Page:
||The Plug-in Vehicle Economics and Infrastructure Project is a core element of Electrification of Transport within Test Bed UK. The ETI will utilise the outputs of the project to support, inform and facilitate effective long-term benefits from the investments being made around the UK. The two primary objectives are:
The Electricity Distribution and Intelligent Infrastructure project (TR1002) is comprised of six Work Packages. This report is a deliverable of Work Package 2.1 (Network Analysis).
- Evaluate the potential role and economics of plug-in vehicles in the low carbon transport system: generate a quantified understanding of the market potential, cost models and carbon benefits case under defined scenarios of infrastructure investments, government intervention packages and finance model options across a number of key plug-in vehicle type/size/capability points; and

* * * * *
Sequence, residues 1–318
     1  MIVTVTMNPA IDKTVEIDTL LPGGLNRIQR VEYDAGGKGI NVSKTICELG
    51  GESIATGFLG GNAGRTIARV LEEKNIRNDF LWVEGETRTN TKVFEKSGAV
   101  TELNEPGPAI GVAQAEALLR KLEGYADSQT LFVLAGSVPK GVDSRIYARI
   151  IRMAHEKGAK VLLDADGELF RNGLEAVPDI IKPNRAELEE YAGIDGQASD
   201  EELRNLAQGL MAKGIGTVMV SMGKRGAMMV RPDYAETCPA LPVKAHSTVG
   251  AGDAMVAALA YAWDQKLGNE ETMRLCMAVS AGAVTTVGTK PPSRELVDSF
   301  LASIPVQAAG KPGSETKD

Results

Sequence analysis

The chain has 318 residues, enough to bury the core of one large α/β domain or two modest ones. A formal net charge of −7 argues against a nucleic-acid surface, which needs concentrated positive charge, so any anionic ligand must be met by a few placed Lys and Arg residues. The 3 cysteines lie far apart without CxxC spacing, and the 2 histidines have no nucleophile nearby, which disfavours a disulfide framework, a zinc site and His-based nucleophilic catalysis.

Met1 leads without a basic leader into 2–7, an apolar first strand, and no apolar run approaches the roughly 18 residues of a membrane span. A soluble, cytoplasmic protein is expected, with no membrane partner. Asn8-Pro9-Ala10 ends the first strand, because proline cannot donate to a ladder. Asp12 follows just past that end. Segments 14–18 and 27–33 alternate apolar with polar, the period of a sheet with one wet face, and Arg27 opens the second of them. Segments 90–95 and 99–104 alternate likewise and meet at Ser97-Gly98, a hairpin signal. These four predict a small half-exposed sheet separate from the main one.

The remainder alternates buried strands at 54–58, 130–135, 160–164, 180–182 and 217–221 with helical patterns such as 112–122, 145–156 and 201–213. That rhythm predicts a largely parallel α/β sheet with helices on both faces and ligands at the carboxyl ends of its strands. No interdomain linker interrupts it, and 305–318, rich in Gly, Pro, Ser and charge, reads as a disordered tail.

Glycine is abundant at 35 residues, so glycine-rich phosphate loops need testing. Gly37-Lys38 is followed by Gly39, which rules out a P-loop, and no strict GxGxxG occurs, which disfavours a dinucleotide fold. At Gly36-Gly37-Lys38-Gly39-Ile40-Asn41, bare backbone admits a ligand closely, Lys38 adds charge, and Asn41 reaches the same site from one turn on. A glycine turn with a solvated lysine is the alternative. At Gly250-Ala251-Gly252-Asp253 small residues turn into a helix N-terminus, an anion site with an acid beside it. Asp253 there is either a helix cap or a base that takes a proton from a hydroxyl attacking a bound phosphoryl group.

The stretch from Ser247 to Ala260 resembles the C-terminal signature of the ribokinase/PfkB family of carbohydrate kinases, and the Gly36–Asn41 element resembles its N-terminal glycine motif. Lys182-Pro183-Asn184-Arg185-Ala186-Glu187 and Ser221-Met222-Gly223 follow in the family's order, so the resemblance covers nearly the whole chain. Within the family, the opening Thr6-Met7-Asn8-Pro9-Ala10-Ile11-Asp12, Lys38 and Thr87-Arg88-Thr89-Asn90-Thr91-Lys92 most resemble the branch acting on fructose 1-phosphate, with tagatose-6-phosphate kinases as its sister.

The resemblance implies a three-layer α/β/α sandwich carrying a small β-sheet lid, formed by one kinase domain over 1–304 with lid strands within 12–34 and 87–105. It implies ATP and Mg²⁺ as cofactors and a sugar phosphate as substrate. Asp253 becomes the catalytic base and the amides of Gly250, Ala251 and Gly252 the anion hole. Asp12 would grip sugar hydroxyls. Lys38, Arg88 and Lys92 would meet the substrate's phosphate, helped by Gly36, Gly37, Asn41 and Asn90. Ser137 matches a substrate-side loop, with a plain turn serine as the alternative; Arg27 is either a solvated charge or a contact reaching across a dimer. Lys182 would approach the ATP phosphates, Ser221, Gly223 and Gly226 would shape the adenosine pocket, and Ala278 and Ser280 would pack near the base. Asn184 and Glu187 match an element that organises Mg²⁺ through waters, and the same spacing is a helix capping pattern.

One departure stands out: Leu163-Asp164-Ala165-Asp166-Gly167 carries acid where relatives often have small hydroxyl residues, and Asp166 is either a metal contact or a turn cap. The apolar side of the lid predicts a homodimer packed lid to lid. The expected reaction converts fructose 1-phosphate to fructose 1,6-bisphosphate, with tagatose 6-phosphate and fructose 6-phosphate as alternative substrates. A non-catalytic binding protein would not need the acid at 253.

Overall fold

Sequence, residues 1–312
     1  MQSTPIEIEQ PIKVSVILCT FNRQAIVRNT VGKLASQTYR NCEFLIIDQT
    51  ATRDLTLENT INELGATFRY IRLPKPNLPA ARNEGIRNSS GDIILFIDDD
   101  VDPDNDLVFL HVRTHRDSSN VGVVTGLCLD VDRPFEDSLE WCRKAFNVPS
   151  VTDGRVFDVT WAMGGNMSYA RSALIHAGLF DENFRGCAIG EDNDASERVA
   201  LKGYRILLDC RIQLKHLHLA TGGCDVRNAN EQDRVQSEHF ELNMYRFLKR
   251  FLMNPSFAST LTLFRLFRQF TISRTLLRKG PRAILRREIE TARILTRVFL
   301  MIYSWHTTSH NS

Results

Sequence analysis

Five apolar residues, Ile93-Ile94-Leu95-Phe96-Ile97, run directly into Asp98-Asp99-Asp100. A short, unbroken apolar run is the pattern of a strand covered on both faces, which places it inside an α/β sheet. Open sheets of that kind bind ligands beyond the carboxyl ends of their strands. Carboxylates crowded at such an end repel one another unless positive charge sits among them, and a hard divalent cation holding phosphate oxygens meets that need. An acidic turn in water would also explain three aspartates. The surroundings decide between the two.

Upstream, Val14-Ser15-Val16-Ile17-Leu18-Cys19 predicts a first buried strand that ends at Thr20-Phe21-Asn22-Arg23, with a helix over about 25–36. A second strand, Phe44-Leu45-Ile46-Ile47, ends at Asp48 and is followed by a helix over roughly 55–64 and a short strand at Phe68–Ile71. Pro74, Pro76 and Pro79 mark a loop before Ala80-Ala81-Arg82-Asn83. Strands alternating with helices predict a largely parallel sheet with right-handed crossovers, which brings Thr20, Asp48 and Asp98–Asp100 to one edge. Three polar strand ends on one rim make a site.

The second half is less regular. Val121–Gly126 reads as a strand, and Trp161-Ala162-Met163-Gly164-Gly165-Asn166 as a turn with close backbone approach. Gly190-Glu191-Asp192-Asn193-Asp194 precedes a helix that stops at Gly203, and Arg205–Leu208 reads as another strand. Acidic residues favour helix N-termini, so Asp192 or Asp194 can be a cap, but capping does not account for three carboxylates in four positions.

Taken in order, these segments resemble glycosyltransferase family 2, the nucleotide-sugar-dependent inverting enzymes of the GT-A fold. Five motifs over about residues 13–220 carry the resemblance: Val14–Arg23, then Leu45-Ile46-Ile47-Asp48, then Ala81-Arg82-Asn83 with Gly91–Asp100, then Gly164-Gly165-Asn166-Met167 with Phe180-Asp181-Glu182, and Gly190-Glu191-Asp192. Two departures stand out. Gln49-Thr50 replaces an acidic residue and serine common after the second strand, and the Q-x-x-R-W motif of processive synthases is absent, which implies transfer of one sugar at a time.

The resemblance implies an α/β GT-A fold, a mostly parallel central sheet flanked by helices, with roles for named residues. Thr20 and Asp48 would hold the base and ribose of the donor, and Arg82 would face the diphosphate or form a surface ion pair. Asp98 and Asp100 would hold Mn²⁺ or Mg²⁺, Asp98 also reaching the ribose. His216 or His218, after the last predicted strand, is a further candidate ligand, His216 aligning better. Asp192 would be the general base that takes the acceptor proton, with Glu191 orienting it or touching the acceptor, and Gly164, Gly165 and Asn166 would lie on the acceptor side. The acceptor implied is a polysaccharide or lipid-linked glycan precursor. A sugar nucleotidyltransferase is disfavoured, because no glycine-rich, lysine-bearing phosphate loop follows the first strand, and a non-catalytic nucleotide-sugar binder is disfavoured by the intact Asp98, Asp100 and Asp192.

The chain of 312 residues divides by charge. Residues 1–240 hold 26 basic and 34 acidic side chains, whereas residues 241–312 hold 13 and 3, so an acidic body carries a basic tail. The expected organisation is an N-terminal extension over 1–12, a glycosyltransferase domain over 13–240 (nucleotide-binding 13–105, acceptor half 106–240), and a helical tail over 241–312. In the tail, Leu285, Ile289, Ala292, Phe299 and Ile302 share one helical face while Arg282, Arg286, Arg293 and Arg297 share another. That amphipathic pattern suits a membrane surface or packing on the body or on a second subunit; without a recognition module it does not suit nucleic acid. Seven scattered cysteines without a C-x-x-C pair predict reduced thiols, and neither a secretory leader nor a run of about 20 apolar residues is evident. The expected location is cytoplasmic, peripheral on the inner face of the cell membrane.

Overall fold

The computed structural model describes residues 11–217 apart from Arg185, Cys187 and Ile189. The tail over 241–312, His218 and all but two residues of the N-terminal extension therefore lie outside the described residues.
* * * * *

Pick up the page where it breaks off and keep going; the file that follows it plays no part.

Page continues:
- Develop the technology tool-kit for delivering an intelligent infrastructure: create a verified open interoperability architecture and generate information to aid infrastructure planning (e.g. to indicate how many recharging points are needed and where they should be located, what mix of power levels are required, how the impact of plug-in vehicle recharging on the electricity distribution network should be managed, how the overall system can be simplified for consumers, etc).
This report provides an analysis of the impact of plug-in vehicle recharging on the UK electricity distribution system against a range of vehicle uptake and recharging profile scenarios.
- The key finding is that moderate uptake of plug-in vehicles could cause significant challenges for distribution networks, if demand from recharging is uncontrolled.
- The constraints arise largely from voltage drop and unbalance, violation of transformer and cable thermal limits, increases in network losses, fault levels and issues such as harmonics and step voltage changes.
- Traditional network reinforcement, by way of substation upgrades and cable reinforcement, is likely to be increasingly inefficient in terms of accommodating the incremental and unpredictable loads expected from plug-in vehicles and heat-pumps.
- If uptake is expected to be significant, a ‘smart grid’ approach is recommended.